Lloret de Mar hotels will place a private desalination plant on the beach, Source: Depositphotos

Catalonia allows private desalination plants

Catalonia allows private desalination plants

As the drought situation in the region keeps getting worse

The Catalan government has officially permitted the use of private desalination plants, but only on the grounds that it is proven that they can boost and maintain essential economic sectors. The decision was made as the Spanish region is going through an unprecedented drought, which necessitated the declaration of a state of emergency last month, followed by restrictions on water consumption.

The new decision is seen as a way to allow important private sectors, such as tourism, industry and agriculture to maintain their activities while the drought lasts.

Apparently, the measure was motivated by an informal petition from the hotel owners’ association in the popular seaside town of Lloret de Mar. Last month, the hotels pooled resources together and bought a mobile desalination plant worth 1.5 million euros, however, they still needed official permission by the authorities in order to operate it.

The desalination plant would extract water from under the beach rather than from the sea. It has a capacity of 50 cubic metres per hour and could be ready to be operational in May.

The authorities, however, made sure that granting such a permit would be contingent on certain conditions in order to verify that the businesses would still respect and follow the drought emergency rules.

The private desalination plants will have to comply with standards by the Catalan Water Agency (ACA). Its owners must prove that its operation will promote regular economic activity and will save jobs, plus they must show that they have followed the emergency water-saving rules mandated by the drought plan.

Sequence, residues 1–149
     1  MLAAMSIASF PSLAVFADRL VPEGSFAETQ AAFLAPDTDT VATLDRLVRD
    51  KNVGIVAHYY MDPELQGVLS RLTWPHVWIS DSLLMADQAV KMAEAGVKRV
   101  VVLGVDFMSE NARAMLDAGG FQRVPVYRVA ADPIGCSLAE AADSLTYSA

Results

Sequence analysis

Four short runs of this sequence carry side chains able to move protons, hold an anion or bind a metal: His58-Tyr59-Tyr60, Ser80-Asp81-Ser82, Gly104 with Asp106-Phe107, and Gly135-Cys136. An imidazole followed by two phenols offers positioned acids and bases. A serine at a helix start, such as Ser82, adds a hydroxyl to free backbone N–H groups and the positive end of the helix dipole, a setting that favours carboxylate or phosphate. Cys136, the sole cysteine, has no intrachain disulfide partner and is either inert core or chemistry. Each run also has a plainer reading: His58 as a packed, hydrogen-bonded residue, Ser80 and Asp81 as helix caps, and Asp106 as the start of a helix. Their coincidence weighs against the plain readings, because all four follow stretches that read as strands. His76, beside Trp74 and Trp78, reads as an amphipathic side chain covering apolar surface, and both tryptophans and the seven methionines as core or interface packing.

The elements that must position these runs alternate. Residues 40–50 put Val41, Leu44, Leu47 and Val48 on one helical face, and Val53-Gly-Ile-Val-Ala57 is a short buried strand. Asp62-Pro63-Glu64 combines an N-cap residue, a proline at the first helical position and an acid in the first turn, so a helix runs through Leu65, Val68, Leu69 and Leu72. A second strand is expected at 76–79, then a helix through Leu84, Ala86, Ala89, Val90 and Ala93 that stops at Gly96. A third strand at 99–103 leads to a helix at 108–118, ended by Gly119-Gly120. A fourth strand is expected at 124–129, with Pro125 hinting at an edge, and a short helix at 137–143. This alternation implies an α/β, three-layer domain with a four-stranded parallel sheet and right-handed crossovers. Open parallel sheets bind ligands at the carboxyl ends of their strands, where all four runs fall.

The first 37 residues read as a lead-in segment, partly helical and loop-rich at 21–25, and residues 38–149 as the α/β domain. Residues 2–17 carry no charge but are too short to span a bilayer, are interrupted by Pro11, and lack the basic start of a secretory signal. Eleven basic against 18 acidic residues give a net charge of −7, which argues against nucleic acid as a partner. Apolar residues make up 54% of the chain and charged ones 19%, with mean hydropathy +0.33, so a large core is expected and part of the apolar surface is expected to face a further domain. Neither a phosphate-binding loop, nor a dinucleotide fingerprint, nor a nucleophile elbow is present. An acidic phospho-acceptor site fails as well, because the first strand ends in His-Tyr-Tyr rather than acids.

Emergency Level 2 in Girona communities

Curiously enough, the new rule actually means that in the case of hotels operating a private desalination plant would lead to permission to fill the hotel pools as this is considered part of the economic activity of the tourism facility. The emergency plan has prohibited the filling of swimming pools in Catalonia.

As for the overall drought situation following more than a month of state of emergency, not only it hasn’t improved but it’s gotten even worse.

Yesterday, and for the first time, 12 municipalities in the region of Girona were placed under emergency level 2, the most severe level. That will require people living in these communities to reduce their daily water consumption even further from 200 to 180 litres.



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